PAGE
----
Minister Alahapperuma has said the laws to be made will help usher in a new political culture. One should not be faulted for being sceptical about the possibility of such a radical change happening in Sri Lankan politics simply because of a few more additions to the country’s huge body of laws. If the government is genuinely desirous of changing the existing, rotten political culture, it ought to follow Alahapperuma’s example anent electioneering.

The media has been watching Minister Alahapperuma’s election campaigns with interest over the years. He has had the courage to spurn the conventional campaign methods; he does not use posters, banners, bunting, etc. When he chose to swim against the tide and take the high road, not many expected him to succeed in dirty Sri Lankan politics, but he has received a very positive response from the electorate. He has thus been able to keep the cost of electioneering very low. If he can conduct decent polls campaigns under the existing election laws, and get elected, why can’t others? There are several other politicians who also conduct clean election campaigns, and the onus is on the public to appreciate their courage to be different and reward them with votes. Sending the right men and women to Parliament is half the battle in draining the swamp.

It is heartening that the government has realised the need to regulate campaign finance at last and reportedly taken steps to introduce new laws for that purpose. If the SLPP had cared to set an example to others by keeping its campaign expenditure low, it would not have had to go out of its way to scrap duty on sugar imports in a questionable manner, some moons ago, to please one of its main financiers, thereby causing a huge loss to the State coffers. This scam has damaged its image irreparably.

Now that the government has evinced a keen interest in regulating campaign finance, will the ruling SLPP disclose, suo motu, the amounts of funds it received for the 2019 presidential election and the 2020 parliamentary polls, the sources thereof and actual expenditure.

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Editorial

House where law is silent

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Monday 6th December, 2021

Time was when fish markets were synonymous with brawls replete with raw filth liberally exchanged by warring parties. But today they have apparently taken second place to Parliament where donnybrooks are concerned. When fishmongers trade blows, the police can intervene to maintain the peace, and bundle them into paddy wagons. But when the honourable members of Parliament clash, the police are helpless; they just look on. There are times when even the police personnel attached to Parliament suffer blows at the hands of unruly MPs, but cannot do anything other than grin and bear it.

On Saturday, the SJB MPs staged a walkout, claiming that one of them had been assaulted by a government MP. They urged the Speaker to ensure their safety. A probe has reportedly got underway into the alleged incident, and we are not in a position to check the veracity of the claim at issue. Such acts of rowdyism, however, are not uncommon in Parliament.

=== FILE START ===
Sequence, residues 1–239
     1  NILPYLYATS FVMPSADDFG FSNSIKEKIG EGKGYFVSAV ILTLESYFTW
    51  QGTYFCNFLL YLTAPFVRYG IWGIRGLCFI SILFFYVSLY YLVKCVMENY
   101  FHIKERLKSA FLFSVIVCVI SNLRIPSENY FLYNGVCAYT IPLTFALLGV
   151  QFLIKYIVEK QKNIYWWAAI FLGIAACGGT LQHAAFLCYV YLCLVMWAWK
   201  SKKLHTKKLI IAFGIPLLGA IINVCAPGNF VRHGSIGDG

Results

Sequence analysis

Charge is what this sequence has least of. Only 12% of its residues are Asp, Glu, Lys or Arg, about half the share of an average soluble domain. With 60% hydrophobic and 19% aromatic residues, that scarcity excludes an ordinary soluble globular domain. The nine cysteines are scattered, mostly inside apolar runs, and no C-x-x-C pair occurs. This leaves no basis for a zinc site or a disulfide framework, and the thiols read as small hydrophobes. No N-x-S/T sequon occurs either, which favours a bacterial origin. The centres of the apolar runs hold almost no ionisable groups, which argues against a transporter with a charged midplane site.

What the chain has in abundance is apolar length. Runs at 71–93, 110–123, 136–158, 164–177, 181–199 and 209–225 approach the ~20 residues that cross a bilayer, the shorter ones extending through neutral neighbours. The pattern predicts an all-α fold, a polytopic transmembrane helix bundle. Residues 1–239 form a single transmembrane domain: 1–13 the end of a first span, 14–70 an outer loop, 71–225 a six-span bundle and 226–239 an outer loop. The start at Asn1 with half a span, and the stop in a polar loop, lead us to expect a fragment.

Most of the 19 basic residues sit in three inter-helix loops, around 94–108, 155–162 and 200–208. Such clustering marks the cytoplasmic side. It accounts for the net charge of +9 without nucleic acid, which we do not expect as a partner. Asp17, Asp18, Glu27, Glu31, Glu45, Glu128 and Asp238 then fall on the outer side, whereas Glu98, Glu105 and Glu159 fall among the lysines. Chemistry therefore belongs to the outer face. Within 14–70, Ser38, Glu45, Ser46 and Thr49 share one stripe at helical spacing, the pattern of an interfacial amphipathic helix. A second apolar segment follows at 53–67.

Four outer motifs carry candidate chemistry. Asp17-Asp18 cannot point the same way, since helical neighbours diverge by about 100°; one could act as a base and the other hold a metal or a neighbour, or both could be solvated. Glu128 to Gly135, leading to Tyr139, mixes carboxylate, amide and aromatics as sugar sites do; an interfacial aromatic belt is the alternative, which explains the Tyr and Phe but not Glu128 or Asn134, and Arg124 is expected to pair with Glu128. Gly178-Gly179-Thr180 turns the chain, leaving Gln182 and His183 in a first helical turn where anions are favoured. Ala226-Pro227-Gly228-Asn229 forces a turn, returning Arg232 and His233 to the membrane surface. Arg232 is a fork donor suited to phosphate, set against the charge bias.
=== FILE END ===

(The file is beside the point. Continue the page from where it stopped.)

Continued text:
Parliamentary sittings have been disrupted while the national budget is being debated. So much for our lawmakers’ concern for their legislative duties. The Opposition has picked many a hole in Budget 2022. Amidst an unprecedented economic crisis, the public must have expected Parliament to debate the budget thoroughly and suggest sensible amendments thereto during the committee-stage debate. But the government and the Opposition lock horns over other issues at the drop of a hat.

The government seems to be adopting diversionary tactics to prevent the flaws in its budget being highlighted. The Opposition also goes out of its way to kick up a shindy every now and then, playing into the hands of the government in the process.

The situation has become so bad that not even the Speaker is safe in Parliament because the culprits responsible for violent incidents go scot-free. During the short-lived Sirisena-Rajapaksa government in 2018, the Opposition MPs representing the Joint Opposition (JO), unleashed hell in Parliament, threatening as they did Speaker Karu Jayasuriya, who had to be removed to safety. The rowdies in the garb of MPs toppled the Speaker’s chair, damaged his microphones and assaulted their rivals. Some of them were seen hurling projectiles and even chairs at the police personnel escorting the Speaker. They also threw chilli powder at their opponents, and brought shame and disgrace on Parliament. It was widely thought that the culprits would be brought to justice. We pointed out, in this space, that the MPs who had damaged Parliament property could be arrested, and remanded without bail under the Offences against Public Property Act, but the so-called lawmakers remain above the law.

If the JO MPs who went on the rampage in 2018 had been prosecuted, the unfortunate incidents we have since witnessed could have been prevented. A committee was appointed to look into the incidents in question, but the culprits got away. What became of the complaints the UNF MPs lodged with the police against their JO counterparts is anybody’s guess.

The party leaders are meeting today to discuss Friday’s incident, we are told. It is hoped that they will be able to figure out what actually happened and take urgent action to ensure the smooth functioning of Parliament and prevent their members from bringing it into disrepute.

There has been a severe erosion of public faith in the national legislature owing to the deplorable behaviour of its members. The blame for this sorry state of affairs must be apportioned to the party leaders as well; if they had nominated only decent men and women to contest the last general election, Parliament would have been free from trouble. The problem of indiscipline in Parliament is best blocked at source.

At least now, let the party leaders refrain from fielding political dregs at elections.

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Editorial